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be too late ; but let it be likewise granted, Serm.IV. that a late Repentance is very
seldom in this Sense sincere. If the Man were reinstated in his former Health, Ease possibly might recant the Vows, that were made in Pain, as null and void.
2dly, As you are to avoid evil Habits, be sure betimes to acquire good Habits, as the neceffary Qualifications for Heaven. Some seem to think, that Religion consists in some broken disjointed Acts of Piety : But let them not deceive themselves : True Religion consists in the inward Frame of the Mind, in the standing Bent of the Inclinations, in settled Habits of Piety constantly residing in the Breast, and, as often as there is Opportunity, breaking forth into outward Acts. Thus a Man shall think himself devout, if he now and then occasionally says his Prayers, and frequents the public Worship; though he often absents himself upon every Night Occasion, upon no Occasion at all. But let him not deceive himself: If he were really devout, he would have a Relish for Acts of Piety, his Heart would cleave stedfastly unto God: and then he would not neglect private or public Prayers upon frivolous Pretences. Thus again a Man Thall think himself cha
Serm.IV. ritable, because he now and then performs
occasional transient Acts of Charity : But he alone is a charitable Man, who loves Mercy and Charity, and sheweth that he loves them, by the main Tenor and Current of his Actions; who, with a strong Benevolence of Soul, is glad to relieve proper Objects of Charity when he can ; and fincerely sorry when he cannot. · And very Sorrows of the Charitable give more substantial Satisfaction than the Joys of the Selfish. For Compassion for the Distressed (a Sorrow of which the charitable are most susceptible) gives them to understand, that the habitual Disposition of their Mindis right; And he, who does not feel that lovely Difposition within, must want a Pleasure, the Absence of which no other Pleasure can counterbalance. He is a thoroughly good Man, who has often tried and found his Virtue genuine, and clear of all Oftentation; who, instead of boasting or complaining, loves to conceal the Good he does, and the Ills he suffers; who thinks that Happiness scarce any at all, which is folitary and uncommunicated; as Paradise was no Paradise to Adam, till he had a Partner of it. Till we have acquired an habitually-good Bent of Temper, we have not acquired those Qualifications, which
are the main Ground-work and Foundation SERM.IV. of our future Happiness: We are not meet to be Partakers of the Inheritance of the Saints in Light.
Therefore, 3dly, Let us all consider, that our future Misery or Happiness depends upon our present Behaviour. Our Happiness in Manhood depends upon those early Accomplishments, which we have acquired in our younger Years. If that proper SeedTime of Life be neglected, we must expect no Harvest in the Autumn of it. Just so our Felicity in another Life must be owing to the Preparations we make for it here. And what we must be to all Eternity, will be the Consequence of what we have been in this World.
There is a certain Fool-bardiness prevailing among us in relation to a future State. Men live as carelessly or profligately, as if they never were to depart this Life; and then depart this Life with as much Stupidity and Hardness of Heart, as if they never were to live again. They rush unprepared into the Presence of the just, the holy Legislator of the whole World, as inconsiderately and audaciously, as the Horse russes to the Battle, a Creature not capable of being frighted with Consequences, because incapable of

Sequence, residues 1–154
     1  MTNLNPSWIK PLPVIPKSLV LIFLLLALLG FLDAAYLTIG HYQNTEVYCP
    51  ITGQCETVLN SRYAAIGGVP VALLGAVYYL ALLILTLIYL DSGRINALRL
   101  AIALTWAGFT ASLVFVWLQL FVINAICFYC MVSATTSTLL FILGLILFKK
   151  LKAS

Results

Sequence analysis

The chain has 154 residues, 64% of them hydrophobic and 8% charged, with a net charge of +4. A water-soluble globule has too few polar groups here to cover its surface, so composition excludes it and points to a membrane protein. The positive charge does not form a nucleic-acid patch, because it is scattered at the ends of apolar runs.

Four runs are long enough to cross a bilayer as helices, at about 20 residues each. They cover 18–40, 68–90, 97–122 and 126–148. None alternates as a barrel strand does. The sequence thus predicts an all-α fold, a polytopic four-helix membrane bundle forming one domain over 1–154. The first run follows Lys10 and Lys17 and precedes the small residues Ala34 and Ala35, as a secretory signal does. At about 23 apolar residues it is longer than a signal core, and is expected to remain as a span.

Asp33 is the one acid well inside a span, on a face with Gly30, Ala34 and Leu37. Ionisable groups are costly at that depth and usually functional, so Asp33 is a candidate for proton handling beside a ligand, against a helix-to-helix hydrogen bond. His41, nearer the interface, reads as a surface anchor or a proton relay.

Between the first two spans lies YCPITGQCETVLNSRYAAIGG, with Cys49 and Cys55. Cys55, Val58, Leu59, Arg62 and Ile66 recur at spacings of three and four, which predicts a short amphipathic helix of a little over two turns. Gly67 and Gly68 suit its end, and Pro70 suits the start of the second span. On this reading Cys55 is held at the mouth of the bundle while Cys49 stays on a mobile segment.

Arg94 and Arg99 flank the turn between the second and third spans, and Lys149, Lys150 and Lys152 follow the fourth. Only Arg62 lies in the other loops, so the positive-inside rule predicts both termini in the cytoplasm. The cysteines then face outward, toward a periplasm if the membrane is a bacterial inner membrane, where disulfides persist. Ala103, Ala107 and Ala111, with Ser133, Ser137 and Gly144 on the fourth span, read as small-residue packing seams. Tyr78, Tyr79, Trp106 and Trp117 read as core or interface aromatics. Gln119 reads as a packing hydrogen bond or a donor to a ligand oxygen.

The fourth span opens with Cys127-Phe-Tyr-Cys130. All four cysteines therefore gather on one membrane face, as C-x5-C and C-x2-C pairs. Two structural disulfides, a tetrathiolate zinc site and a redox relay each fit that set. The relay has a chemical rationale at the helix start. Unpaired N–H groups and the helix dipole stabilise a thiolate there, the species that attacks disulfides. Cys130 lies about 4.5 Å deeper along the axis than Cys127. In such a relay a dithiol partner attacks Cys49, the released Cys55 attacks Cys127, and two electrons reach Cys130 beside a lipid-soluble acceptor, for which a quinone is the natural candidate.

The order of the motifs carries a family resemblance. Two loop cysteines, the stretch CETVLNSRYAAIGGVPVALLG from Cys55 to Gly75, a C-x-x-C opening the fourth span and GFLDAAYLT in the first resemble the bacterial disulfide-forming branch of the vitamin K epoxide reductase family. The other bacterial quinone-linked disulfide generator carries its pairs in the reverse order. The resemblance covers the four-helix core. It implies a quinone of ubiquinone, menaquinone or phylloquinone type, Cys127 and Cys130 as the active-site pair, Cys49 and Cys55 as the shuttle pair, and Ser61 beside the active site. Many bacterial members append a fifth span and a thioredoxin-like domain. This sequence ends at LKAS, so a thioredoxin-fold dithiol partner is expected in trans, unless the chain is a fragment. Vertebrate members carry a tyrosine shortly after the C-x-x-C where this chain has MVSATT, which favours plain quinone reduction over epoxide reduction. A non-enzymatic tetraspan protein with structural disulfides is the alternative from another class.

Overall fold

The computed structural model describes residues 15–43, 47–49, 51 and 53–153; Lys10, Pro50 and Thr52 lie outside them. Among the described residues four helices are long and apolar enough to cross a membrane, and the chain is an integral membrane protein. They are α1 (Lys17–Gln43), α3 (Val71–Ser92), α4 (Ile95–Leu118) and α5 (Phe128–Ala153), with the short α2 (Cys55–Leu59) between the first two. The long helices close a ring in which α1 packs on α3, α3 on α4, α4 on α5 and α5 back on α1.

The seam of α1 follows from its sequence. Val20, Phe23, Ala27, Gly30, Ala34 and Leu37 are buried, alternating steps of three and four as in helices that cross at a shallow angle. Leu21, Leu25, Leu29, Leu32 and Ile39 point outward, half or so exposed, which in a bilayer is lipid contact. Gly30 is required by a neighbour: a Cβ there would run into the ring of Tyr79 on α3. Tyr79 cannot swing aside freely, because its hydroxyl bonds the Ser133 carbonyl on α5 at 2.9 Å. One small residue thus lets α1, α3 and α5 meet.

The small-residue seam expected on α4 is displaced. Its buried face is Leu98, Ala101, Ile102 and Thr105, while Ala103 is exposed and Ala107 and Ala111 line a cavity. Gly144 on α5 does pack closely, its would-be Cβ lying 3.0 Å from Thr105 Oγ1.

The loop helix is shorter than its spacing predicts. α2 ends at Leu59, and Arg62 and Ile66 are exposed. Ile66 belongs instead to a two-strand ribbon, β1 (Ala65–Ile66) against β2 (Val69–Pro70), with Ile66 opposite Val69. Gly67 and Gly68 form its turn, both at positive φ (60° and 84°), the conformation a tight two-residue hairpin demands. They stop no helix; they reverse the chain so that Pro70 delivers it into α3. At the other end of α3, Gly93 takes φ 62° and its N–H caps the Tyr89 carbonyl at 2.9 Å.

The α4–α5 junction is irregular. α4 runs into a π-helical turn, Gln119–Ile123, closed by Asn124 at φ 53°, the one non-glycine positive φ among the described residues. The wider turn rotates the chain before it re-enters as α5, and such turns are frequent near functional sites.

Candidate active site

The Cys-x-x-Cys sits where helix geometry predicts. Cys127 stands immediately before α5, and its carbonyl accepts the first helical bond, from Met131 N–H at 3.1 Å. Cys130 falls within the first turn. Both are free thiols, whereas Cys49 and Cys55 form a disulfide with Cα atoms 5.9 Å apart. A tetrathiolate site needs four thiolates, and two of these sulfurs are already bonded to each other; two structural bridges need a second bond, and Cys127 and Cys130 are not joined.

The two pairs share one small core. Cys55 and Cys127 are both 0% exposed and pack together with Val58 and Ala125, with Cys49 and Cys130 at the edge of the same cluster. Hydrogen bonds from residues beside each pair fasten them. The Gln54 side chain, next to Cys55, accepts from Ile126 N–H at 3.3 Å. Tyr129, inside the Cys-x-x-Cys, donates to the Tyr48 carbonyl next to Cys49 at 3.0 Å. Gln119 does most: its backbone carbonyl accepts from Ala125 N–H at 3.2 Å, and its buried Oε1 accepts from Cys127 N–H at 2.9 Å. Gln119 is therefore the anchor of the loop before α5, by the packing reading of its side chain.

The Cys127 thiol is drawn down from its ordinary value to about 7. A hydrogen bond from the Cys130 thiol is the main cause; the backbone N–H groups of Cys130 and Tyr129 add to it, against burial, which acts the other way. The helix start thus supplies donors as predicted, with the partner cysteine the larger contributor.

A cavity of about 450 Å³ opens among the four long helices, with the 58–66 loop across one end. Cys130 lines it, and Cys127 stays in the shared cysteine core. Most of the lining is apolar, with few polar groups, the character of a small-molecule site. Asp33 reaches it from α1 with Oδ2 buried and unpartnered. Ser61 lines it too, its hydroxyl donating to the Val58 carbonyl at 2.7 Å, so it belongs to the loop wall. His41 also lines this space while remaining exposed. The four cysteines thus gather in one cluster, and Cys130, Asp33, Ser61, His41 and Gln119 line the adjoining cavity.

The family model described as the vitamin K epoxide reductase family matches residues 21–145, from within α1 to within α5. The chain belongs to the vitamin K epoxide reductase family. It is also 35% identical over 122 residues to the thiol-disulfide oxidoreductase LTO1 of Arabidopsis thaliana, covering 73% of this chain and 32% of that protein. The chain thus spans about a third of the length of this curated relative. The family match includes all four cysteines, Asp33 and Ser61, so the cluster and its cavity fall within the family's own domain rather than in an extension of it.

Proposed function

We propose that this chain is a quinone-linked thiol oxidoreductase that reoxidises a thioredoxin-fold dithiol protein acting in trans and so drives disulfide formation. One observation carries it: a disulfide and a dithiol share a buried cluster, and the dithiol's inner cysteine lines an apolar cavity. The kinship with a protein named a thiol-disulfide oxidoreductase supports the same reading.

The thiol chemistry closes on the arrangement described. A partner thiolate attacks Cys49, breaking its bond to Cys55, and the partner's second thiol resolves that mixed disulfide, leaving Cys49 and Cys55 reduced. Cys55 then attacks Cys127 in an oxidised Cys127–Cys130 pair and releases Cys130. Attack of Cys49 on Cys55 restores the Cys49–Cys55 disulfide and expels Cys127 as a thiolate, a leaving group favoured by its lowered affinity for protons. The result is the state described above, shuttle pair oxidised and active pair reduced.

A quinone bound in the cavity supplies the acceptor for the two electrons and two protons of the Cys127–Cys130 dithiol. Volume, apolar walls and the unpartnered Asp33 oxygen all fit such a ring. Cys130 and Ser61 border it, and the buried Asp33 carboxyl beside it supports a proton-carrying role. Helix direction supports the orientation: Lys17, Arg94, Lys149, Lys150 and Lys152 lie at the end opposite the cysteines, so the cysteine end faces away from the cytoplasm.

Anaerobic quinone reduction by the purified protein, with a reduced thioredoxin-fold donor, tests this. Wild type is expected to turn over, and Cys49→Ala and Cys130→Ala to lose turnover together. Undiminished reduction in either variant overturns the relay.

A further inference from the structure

Serm.IV. reflecting upon them. God, say they, is
all Goodness; and therefore they dare to be what he must necessarily hate, the very
Reverse of Him – all Wickedness: Not confidering, that the Goodness of God should lead them to Repentance. For God cannot love a Nature directly and habitually contrary to his; and cannot but love what is in some degree conformable to his Holiness and Purity. Now what he loves must be for happy; and what he hates for ever miserable. Let Men think or say, what they will, to the contrary; it is Goodness which ought to make every immoral Agent afraid, a determined, impartial, universal Goodness in a Being, who, because he is infinitely Good, will inflict every deserved Evil, which is productive of a prepollent Good; and will inflict none, but what is productive of such; who will consult the universal Interest, and not that of a few incurable Members of the whole stupendous Body of the Universe.
Such Men would do well to reflect, that Men even here in the natural Course of Things bring upon themselves such ill Habits of Body, and Miseries of all kinds, that they can never extricate themselves from, as long as they live. The Course
of Nature is so established, that Death alone Serm.IV. sometimes puts a Period to those Ills, which they have plunged themselves into by their Follies and Vices : If they were to live for ever, they would be probably miserable for ever, by the ill Consequences of their Sins, which take place in a natural Way. Now whatever comes to pats by the settled Course of Nature, is as much done by him, who appointed the Course of Things, and foresaw every Consequence that would arise from every Manner of Acting; as if he had immediately inflicted the Punishment himself. And as the same God, who appointed the Nature of Things here, is the God of the other World as well as this; may not something like this come to pass in that other State ? May not the Impenitent be for ever lamenting those Ills, which no Prudence can redress, no Patience make supportable, and no Time put a Period to ?
I cannot conclude this Head, without withing, that all of us may believe the Doctrine which I have here inculcated, to be true ; and that this Belief, with the Concurrence of other Motives, may have that Effect, that none of us may feel it to be so.